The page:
Attitude matters. That is the message that Canon, the world's leading optical company, sends to those who are interested in working for it.
"Attitude decides everything," said Huang Song, deputy-director of the Human Resource Department of Canon (China) Co Ltd.
"Good attitude is a prerequisite. We have no special requirement for an applicant's education level, gender or age."
Huang made the remarks last week while explaining their plans to recruit 100 new employees by the end of this year.
The company is expanding its marketing network in China rapidly and expects to set up a dozen branches in the country by the end of the year.
So, "we need a lot of talented people," Huang said, "especially someone good at marketing and personnel training."
But, first of all, he emphasized, they want "good attitude."
Canon has high employee standards, Huang said, the most important of them being someone with commitment, professionalism, teamwork spirit and strong will.
That's what they mean by good attitude.
These qualities make employees work hard, and that usually means success.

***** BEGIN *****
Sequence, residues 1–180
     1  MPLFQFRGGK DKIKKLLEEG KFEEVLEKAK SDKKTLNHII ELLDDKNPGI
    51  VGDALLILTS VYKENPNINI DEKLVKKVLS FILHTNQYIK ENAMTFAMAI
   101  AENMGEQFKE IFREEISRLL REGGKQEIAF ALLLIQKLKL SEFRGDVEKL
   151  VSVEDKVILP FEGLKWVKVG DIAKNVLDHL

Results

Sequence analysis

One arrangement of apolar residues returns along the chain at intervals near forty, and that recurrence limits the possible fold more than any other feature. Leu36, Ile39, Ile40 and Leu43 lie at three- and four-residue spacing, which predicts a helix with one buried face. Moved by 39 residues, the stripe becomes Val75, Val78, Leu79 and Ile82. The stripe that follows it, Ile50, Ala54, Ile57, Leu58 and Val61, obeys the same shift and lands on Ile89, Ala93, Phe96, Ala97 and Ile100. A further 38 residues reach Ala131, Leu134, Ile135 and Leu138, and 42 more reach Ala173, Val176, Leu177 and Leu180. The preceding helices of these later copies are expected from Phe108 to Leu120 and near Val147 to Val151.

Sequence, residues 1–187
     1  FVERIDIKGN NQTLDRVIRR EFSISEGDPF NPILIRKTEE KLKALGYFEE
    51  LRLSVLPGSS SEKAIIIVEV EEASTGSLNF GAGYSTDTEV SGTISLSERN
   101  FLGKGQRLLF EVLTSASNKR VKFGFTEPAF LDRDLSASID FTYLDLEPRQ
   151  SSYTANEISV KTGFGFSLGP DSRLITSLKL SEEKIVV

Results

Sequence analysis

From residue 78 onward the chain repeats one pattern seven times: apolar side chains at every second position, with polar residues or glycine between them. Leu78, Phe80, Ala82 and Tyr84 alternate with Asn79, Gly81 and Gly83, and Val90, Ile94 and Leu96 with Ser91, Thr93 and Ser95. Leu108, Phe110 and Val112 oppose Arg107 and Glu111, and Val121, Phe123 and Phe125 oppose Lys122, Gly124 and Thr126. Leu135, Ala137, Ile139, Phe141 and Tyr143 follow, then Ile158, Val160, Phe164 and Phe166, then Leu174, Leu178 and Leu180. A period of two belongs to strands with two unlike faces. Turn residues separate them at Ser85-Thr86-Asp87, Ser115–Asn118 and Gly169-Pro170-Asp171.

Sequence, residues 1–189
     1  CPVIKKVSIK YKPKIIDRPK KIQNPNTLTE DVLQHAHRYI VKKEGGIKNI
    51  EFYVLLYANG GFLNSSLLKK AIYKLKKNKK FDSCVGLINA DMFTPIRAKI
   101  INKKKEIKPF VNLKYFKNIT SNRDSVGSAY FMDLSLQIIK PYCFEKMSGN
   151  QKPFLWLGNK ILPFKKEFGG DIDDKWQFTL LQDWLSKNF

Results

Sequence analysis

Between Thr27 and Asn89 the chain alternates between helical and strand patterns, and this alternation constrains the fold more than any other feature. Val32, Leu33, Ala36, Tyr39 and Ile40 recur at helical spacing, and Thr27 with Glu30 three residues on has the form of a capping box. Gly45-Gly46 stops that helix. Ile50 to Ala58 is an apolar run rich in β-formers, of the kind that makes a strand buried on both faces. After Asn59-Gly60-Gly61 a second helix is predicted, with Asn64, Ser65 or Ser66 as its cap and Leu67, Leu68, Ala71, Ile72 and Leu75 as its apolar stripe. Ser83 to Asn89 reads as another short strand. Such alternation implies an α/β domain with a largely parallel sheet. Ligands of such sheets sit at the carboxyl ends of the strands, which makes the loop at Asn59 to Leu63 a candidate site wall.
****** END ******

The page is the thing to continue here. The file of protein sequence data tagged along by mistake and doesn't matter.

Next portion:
Huang went on to explain: "If a salesperson has a good attitude, he can easily make friends with others to win their trust. With high market sensitivity, good communication skills and strong will he can easily succeed."
He says the company also does its best to help employees succeed and sums up the corporate philosophy with the Japanese word "kyosei", or co-existence, meaning working and living together for the common interest.
Canon (China) is trying to create an easy atmosphere where employees "enjoy their work," he said.
Canon (China) has about 450 employees. Its plan is to have 550 by the end of the year and 1,000 by the end of 2005.
"Of course we prefer people with related majors or specialities but, as long as they're qualified, school background is not the most important criterion."
Canon is of course looking for university grads, he added, noting that his best advice was "improve your English," which is their working language.
He also had a word of advice about career plans: "Don't reach for what is beyond your grasp."
In short: "If you are a recent university graduate, young and energetic, you'd better spend 3-5 years on study and work."
(China Daily November 6, 2003)